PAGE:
Launching a Kickstarter campaign in 2016 is no simple task – especially if you are hoping to launch a successful one. The dream that someone can crowd fund thousands of dollars overnight is hardly more than a dream. A ‘KickStarter campaign’ done right can take months of entrepreneurial hard work, sweat, and tears.
So if you want to learn firsthand how a KickStarter campaign prepares to launch, manage, and closes it all out, you are in the right place. This three Article Series will feature Brent Thomas, a serial entrepreneur, and his latest project: Millennials (The Game). His Kickstarter campaign is live here.
Making The Prototype
First things first. Before setting up a KickStarter campaign, it’s important to develop a prototype. Ideas and visions rarely cut it for KickStarter’s savvy community.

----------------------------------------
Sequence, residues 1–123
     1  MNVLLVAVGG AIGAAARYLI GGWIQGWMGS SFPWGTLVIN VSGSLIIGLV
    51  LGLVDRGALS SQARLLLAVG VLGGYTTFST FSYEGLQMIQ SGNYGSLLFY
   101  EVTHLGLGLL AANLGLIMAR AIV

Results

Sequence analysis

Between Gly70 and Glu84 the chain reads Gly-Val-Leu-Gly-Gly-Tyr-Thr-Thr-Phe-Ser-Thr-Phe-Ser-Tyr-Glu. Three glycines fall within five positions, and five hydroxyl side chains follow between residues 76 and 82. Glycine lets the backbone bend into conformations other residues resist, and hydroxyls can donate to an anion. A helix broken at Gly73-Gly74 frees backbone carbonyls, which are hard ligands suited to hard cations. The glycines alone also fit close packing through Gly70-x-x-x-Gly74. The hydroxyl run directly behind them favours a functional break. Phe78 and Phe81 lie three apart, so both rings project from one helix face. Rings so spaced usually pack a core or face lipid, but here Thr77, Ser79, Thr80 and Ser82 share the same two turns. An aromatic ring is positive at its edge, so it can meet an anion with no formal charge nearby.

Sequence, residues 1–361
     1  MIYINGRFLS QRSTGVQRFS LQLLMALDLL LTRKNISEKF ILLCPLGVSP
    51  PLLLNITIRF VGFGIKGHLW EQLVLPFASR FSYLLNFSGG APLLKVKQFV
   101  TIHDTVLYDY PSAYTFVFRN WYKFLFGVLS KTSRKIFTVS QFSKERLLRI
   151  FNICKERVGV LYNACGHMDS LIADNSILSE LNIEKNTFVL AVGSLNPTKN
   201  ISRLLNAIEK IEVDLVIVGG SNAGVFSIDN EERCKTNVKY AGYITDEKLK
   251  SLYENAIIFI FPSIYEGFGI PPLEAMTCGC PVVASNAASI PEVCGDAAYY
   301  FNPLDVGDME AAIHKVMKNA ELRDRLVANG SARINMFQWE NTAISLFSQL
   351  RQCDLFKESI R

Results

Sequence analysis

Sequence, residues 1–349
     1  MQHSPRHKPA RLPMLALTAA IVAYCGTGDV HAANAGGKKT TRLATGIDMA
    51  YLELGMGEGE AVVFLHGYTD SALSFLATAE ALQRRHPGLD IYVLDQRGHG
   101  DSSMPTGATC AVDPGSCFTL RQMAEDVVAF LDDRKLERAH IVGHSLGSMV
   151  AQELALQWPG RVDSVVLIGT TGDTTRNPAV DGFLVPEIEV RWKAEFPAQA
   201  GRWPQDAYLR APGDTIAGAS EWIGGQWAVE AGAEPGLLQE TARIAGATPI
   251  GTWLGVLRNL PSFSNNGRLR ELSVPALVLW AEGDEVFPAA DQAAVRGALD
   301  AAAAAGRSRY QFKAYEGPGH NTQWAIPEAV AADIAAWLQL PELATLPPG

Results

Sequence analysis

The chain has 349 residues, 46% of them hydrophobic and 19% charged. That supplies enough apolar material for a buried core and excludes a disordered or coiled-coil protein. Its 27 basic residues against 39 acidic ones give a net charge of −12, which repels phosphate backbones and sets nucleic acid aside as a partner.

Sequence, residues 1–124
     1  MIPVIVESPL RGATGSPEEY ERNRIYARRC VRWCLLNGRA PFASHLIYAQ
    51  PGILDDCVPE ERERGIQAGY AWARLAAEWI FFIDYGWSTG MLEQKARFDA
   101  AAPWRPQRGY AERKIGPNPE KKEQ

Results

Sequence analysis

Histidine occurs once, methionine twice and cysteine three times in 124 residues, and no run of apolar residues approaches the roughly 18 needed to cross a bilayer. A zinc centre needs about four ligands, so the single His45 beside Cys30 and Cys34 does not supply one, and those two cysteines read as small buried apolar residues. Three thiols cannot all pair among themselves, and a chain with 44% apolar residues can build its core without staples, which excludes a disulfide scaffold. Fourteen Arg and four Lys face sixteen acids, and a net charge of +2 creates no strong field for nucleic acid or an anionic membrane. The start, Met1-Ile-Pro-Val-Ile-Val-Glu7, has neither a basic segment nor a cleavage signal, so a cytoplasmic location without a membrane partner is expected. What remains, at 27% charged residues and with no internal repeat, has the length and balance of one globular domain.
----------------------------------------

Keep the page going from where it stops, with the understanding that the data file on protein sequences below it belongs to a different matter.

For Millennials (The Game), it started by talking with the co-creator, Jack, about the irony of our own lives as millennials. We started writing our ideas down and a few minutes later we had a title & tagline around the idea that millennials don’t want normal jobs.
After playing around with some not so good ideas, we decided on a fast-paced UNO based card game. With that in mind, we set out to make a prototype deck and share it with our friends.
However, having no design skills proved to be a decent problem. We resorted to using free images on Google to convey our game idea. Ultimately, we came to the conclusion that this type of design required a professional designer, which led us to finding a pro in our very own friend, Catherine Kelly.
Gauging someone’s reaction to your game can help you decide whether to go all in or not. I have shown numerous ideas to friends and family, so I know that the quality of your idea can be gauged by the type of response it receives.